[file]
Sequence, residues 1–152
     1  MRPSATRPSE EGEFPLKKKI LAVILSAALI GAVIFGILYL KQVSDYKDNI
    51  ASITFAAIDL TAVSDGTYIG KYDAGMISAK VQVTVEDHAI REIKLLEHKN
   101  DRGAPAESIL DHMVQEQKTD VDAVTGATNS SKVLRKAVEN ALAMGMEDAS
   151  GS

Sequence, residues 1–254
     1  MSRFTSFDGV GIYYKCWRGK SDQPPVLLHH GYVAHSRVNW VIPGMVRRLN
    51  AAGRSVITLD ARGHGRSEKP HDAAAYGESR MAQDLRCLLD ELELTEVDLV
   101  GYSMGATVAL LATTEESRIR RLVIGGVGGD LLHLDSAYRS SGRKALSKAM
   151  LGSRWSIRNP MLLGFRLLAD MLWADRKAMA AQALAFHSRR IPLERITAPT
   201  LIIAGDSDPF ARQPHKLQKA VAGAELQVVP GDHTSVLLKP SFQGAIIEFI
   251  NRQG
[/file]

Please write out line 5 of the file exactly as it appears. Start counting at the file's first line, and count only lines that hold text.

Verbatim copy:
   151  GS